Options for Extending the Federal Unemployment Supplement

Executive Summary

  • On July 31 the Federal Pandemic Unemployment Compensation (FPUC) included in the Coronavirus Aid, Relief, and Economic Security (CARES) Act will fully expire, meaning that unemployed individuals will no longer receive the additional $600 a week in federal unemployment insurance (UI) support.
  • While both parties have put forward proposals to continue FPUC in some form, the amount and length of additional UI support varies significantly between the plans, and both face a feasibility challenge in the short term.
  • A plan introduced by Democratic Senators Wyden and Schumer could cost upward of $960 billion over the next 4 years or longer, given that there is no clear expiration date attached to their proposed benefits, and would likely cause significant problem in implementation if it were passed.
  • Republicans’ plan for unemployment assistance contained in the Health, Economic Assistance, Liability Protection, and Schools (HEALS) Act would reduce the FPUC in two stages—$200 until the end of September and then at 70 percent wage replacement—and would cost $110.7 billion.


With the Coronavirus Aid, Relief, and Economic Security (CARES) Act came a dramatic expansion of unemployment benefits, including an additional $600 a week under the Federal Pandemic Unemployment Compensation (FPUC). Because of this federal supplement, many unemployed individuals began making more on unemployment than they normally would at work. During the early stages of the pandemic, this policy was precisely what was needed: It provided support for the rapidly increasing number of unemployed people at such an amount that encouraged them to remain at home and reduce the spread of the virus.

The efficacy and utility of FPUC gets more complicated as focus shifts from complete lockdown to the reopening phases. The FPUC fully expires on July 31, leaving policymakers debating the best course for replacing it. Democrats and Republicans both have proposed replacements. Democrats would extend the FPUC at its current $600 level with automatic trigger phase-outs. On July 27, Republicans introduced their own plan for supplemental unemployment, which would lower the FPUC to $200 a week and later lower the FPUC so that, when added to regular state benefits, it would cover 70 percent of previous wages. These plans both address support for the unemployed, but do so from two different perspectives and lead to different problems in the immediate and long-term. Democrats’ plans for unemployment stems from an emphasis on stabilization, while Republicans seem to be operating under the assumption that it is time to move forward into active economic recovery. Nevertheless, both face a basic feasibility problem.

Democrats’ Plans: HEROES and the American Workforce Rescue Act

Two proposals from Democrats, the HEROES Act and the American Workforce Rescue Act, would extend the full $600 FPUC past the expiration deadline. The HEROES Act would have unemployed individuals continue to receive an additional $600 a week until the soft cut-off on January 31, 2021. To aid in processing high volumes of unemployment claims, states would receive $925 million from the Department of Labor. The HEROES extension would proceed without any real controls or room for recalibrations should the public health or economic situation change and does not lower the added benefit amount.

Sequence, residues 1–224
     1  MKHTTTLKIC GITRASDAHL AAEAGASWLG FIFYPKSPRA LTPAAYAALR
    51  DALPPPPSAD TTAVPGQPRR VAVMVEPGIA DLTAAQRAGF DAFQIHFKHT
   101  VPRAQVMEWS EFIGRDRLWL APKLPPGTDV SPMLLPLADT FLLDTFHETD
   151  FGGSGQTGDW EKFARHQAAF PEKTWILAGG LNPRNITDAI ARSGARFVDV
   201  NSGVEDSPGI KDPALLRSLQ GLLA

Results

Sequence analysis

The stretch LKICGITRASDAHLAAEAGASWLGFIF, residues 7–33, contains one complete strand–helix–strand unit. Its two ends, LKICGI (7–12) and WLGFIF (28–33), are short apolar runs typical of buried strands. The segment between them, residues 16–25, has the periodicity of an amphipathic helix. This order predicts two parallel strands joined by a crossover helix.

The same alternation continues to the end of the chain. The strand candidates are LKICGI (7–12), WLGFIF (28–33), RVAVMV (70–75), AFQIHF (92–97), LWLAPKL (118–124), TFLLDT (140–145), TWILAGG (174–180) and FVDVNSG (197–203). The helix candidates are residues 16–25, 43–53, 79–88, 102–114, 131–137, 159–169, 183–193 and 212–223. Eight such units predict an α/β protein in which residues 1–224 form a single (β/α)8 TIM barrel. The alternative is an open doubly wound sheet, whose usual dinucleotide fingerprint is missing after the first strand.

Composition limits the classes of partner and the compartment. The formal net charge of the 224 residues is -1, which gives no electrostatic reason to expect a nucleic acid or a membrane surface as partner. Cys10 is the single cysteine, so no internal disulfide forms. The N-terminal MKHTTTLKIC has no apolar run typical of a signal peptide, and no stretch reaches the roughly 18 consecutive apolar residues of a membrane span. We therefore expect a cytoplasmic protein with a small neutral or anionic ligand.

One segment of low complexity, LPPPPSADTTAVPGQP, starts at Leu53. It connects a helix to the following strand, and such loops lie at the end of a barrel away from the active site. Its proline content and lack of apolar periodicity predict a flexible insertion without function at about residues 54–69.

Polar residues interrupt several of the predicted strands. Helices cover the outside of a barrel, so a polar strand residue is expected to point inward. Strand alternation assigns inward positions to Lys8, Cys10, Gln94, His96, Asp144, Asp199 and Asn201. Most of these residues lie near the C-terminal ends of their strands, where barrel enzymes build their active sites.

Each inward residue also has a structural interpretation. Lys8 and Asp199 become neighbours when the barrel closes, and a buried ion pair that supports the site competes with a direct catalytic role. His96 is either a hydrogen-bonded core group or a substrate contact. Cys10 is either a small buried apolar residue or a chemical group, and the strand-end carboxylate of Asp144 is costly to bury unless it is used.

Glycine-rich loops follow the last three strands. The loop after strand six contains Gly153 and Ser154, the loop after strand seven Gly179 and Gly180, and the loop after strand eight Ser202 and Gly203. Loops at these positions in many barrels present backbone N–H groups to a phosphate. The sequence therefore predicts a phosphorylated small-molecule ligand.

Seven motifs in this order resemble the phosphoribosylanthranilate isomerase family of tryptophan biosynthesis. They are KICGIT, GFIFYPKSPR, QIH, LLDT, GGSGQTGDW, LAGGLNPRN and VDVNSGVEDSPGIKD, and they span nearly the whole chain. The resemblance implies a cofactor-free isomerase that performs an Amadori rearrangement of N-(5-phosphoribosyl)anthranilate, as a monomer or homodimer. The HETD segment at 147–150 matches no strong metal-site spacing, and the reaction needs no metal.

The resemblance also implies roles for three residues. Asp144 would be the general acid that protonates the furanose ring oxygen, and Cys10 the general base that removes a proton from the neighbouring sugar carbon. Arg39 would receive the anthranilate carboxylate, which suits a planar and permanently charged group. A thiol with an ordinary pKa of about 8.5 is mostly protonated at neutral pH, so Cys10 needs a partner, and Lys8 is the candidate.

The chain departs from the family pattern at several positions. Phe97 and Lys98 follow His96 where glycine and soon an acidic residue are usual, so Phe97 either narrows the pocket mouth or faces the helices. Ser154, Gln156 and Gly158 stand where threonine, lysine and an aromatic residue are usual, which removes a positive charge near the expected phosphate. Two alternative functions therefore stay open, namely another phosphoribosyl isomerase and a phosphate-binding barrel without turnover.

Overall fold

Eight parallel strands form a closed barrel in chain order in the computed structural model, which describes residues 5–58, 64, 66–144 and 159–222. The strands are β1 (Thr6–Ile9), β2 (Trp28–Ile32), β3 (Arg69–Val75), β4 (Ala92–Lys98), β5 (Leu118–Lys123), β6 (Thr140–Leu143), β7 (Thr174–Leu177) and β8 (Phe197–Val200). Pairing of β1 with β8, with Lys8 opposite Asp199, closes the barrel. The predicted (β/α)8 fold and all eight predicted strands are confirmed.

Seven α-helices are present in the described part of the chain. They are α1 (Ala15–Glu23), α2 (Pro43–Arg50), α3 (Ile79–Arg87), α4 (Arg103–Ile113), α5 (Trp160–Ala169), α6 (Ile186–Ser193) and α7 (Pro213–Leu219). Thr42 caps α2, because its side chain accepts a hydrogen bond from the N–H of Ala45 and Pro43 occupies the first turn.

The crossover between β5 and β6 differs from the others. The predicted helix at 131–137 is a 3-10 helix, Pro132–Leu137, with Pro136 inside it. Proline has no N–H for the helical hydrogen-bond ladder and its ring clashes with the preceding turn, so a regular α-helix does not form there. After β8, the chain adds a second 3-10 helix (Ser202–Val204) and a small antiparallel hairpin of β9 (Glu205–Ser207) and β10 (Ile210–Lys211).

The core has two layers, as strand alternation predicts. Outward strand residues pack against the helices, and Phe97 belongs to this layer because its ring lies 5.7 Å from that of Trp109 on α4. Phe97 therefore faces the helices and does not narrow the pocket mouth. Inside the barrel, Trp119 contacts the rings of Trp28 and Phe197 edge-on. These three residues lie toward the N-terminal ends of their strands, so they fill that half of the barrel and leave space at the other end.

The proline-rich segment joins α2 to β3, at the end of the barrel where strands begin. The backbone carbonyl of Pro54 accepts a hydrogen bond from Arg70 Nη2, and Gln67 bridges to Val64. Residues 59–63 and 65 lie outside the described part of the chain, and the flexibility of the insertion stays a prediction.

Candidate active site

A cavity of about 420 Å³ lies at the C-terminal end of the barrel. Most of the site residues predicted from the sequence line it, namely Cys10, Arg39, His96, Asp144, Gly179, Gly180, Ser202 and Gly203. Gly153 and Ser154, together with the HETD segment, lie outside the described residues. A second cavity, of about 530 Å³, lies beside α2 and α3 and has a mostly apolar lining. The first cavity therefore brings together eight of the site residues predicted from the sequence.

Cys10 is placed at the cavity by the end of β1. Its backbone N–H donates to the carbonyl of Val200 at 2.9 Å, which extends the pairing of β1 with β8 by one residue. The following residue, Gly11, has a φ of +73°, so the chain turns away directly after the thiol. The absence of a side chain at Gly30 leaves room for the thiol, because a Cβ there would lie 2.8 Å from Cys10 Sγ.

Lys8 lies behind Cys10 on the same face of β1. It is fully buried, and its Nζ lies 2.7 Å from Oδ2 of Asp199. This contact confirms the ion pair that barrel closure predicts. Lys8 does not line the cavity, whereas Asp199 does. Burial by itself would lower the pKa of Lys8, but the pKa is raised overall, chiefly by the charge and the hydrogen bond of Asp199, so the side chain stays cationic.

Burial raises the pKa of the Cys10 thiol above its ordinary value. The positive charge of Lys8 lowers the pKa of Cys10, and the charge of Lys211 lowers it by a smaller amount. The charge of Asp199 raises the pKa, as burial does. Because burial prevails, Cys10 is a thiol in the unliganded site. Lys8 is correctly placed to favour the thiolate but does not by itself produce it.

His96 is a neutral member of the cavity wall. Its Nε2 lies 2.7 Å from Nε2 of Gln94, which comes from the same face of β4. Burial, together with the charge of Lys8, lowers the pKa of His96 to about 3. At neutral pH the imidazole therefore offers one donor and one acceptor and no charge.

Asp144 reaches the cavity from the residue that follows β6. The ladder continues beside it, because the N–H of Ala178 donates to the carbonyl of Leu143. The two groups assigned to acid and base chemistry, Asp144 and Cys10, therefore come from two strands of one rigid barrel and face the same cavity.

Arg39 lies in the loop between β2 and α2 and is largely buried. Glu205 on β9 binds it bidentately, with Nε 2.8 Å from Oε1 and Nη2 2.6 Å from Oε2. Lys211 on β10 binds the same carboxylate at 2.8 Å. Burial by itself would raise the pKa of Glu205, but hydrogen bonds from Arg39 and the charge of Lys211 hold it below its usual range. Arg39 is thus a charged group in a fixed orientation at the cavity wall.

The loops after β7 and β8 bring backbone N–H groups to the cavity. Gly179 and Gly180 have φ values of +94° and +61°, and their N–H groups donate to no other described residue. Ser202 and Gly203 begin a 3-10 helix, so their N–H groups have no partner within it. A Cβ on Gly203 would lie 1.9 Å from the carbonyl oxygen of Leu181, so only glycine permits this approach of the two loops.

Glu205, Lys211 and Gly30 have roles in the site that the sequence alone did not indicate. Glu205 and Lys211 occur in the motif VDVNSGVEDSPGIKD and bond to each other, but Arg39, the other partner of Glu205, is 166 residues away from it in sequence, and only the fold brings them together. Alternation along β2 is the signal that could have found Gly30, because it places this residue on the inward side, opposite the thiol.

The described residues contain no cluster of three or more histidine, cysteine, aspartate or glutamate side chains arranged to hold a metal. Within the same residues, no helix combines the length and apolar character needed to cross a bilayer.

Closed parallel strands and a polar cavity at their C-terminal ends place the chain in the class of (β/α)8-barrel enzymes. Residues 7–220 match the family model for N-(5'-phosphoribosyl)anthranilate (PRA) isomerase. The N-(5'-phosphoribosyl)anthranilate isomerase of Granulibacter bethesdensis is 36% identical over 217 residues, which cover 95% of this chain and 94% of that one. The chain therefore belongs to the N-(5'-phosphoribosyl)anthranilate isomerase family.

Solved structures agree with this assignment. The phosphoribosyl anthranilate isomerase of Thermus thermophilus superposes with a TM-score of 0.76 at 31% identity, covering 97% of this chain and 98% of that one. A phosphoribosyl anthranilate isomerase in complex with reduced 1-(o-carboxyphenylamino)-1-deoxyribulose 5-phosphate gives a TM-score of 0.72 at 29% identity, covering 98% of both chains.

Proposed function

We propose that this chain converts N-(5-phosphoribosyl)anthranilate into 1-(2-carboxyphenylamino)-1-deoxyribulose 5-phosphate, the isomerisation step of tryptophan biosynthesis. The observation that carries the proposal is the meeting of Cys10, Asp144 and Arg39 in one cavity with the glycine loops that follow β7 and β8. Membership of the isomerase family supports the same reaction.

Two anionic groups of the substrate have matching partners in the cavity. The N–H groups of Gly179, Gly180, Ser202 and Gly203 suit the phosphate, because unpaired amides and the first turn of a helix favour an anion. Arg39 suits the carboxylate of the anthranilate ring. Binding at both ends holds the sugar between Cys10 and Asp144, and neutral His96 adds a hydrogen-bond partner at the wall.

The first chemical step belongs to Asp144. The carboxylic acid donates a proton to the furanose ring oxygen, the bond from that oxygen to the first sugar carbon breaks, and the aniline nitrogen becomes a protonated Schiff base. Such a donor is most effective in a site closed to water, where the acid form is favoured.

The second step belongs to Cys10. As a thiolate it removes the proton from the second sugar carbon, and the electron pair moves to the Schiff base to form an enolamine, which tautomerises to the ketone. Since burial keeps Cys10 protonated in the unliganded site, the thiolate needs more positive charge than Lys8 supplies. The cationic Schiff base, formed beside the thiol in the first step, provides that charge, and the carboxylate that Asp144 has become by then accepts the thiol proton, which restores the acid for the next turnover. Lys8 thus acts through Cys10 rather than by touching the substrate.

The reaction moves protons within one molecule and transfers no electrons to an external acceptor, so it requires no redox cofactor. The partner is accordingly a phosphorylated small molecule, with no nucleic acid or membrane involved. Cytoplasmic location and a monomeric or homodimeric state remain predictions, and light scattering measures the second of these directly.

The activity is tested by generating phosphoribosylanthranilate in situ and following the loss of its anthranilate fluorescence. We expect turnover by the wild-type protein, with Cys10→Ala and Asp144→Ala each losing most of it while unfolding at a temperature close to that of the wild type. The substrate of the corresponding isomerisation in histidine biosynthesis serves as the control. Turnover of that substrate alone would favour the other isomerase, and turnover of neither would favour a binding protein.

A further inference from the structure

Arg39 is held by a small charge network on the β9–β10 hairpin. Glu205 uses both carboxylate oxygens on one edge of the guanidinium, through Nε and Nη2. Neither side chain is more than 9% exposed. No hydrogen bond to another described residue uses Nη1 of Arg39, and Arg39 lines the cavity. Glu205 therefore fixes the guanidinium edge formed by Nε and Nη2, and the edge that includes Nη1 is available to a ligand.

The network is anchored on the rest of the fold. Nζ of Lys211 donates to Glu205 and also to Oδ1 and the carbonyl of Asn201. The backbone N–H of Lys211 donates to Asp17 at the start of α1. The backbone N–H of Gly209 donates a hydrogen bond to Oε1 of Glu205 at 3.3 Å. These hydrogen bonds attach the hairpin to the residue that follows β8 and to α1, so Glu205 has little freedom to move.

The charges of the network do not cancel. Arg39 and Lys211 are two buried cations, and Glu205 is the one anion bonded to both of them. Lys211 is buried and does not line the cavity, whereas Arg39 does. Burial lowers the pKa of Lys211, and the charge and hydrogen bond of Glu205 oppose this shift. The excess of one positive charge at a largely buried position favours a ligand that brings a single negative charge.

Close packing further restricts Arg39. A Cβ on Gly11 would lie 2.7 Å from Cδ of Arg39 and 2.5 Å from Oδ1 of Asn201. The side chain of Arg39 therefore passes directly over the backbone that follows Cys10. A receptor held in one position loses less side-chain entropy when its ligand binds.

On the other hand, the American Workforce Rescue Act, introduced by Senators Wyden and Schumer, operates less like a blunt instrument and allows for state-to-state variations, although it gives no clear end date for expanded benefits. Both plans are built on the idea that above all else, individuals need significantly more income support during this time. The focus on this legislation is stabilization during the immediate term.

The Wyden-Schumer proposal takes a small step back from simply extending the $600 by implementing automatic triggers that would tie benefit amount and additional weeks of unemployment to the state unemployment rate. The plan would essentially phase itself out once certain unemployment rates are reached in each state. The proposal outlines 6 tiers tied to FPUC that go as follows.

  • A state with unemployment rate above 11 percent would be in tier 6, meaning that individuals will continue to receive the full additional $600 a week in FPUC.
  • A state with unemployment rate between 10 and 11 percent (tier 5) will receive $500 a week in FPUC.
  • A state with unemployment between 9 and 10 percent (tier 4) will receive $400 a week in FPUC, and so on until reaching tier 1 where unemployment falls between 6 and 7 percent and the FPUC benefit is $100.

In addition to FPUC tiers, the proposal includes 4 tiers tied to state unemployment rates that would increase the number of weeks that are part of the CARES Act’s Pandemic Emergency Unemployment Compensation Program (PEUC) which provided those who have exhausted federal or state unemployment benefits with 13 additional weeks.

  • A state with unemployment above 8.5 percent would be eligible for 52 weeks of PEUC.
  • With every 1 percent decrease in unemployment rate, PEUC weeks go down by 13 weeks leaving tier one states with 13 weeks of PEUC at an unemployment rate of 5.5 to 6.5 percent.

Republicans’ Plan: American Workers, Families, and Employers Assistance Act

Since the passage of the CARES Act, Republicans have criticized the FPUC of $600 a week for being too high and potentially causing a work disincentive as the economy and public health situation improve. Previous analysis from the American Action Forum (AAF) has found that over 63 percent of workers could be making more on maximum unemployment benefits under the $600 bonus. On July 27, Republicans released their plan, the American Workers, Families, and Employers Assistance Act, as part of their stimulus plan, the Health, Economic Assistance, Liability Protection, and Schools (HEALS) Act. The proposal is built on the idea that a reduced and more targeted FPUC would still be able to provide income support without disincentivizing work and would control for the medium- and long-term costs that a more generous proposal could bring. The act would reduce the bonus in two stages.